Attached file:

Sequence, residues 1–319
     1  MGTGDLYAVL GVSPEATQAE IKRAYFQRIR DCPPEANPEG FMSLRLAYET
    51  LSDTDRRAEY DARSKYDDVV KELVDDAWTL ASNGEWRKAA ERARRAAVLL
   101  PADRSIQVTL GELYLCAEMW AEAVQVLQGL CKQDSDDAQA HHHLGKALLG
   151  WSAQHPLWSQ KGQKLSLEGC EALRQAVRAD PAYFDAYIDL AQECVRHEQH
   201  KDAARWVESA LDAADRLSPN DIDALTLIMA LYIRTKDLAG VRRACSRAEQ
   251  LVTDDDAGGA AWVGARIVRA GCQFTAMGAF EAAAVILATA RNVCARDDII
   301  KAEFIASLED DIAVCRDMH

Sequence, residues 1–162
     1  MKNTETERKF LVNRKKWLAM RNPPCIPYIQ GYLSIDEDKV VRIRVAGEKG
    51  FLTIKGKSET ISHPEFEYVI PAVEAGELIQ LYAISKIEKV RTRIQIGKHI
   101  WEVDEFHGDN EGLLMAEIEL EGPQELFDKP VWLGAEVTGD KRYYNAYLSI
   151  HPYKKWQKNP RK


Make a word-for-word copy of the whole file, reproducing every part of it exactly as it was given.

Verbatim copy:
Sequence, residues 1–319
     1  MGTGDLYAVL GVSPEATQAE IKRAYFQRIR DCPPEANPEG FMSLRLAYET
    51  LSDTDRRAEY DARSKYDDVV KELVDDAWTL ASNGEWRKAA ERARRAAVLL
   101  PADRSIQVTL GELYLCAEMW AEAVQVLQGL CKQDSDDAQA HHHLGKALLG
   151  WSAQHPLWSQ KGQKLSLEGC EALRQAVRAD PAYFDAYIDL AQECVRHEQH
   201  KDAARWVESA LDAADRLSPN DIDALTLIMA LYIRTKDLAG VRRACSRAEQ
   251  LVTDDDAGGA AWVGARIVRA GCQFTAMGAF EAAAVILATA RNVCARDDII
   301  KAEFIASLED DIAVCRDMH

Sequence, residues 1–162
     1  MKNTETERKF LVNRKKWLAM RNPPCIPYIQ GYLSIDEDKV VRIRVAGEKG
    51  FLTIKGKSET ISHPEFEYVI PAVEAGELIQ LYAISKIEKV RTRIQIGKHI
   101  WEVDEFHGDN EGLLMAEIEL EGPQELFDKP VWLGAEVTGD KRYYNAYLSI
   151  HPYKKWQKNP RK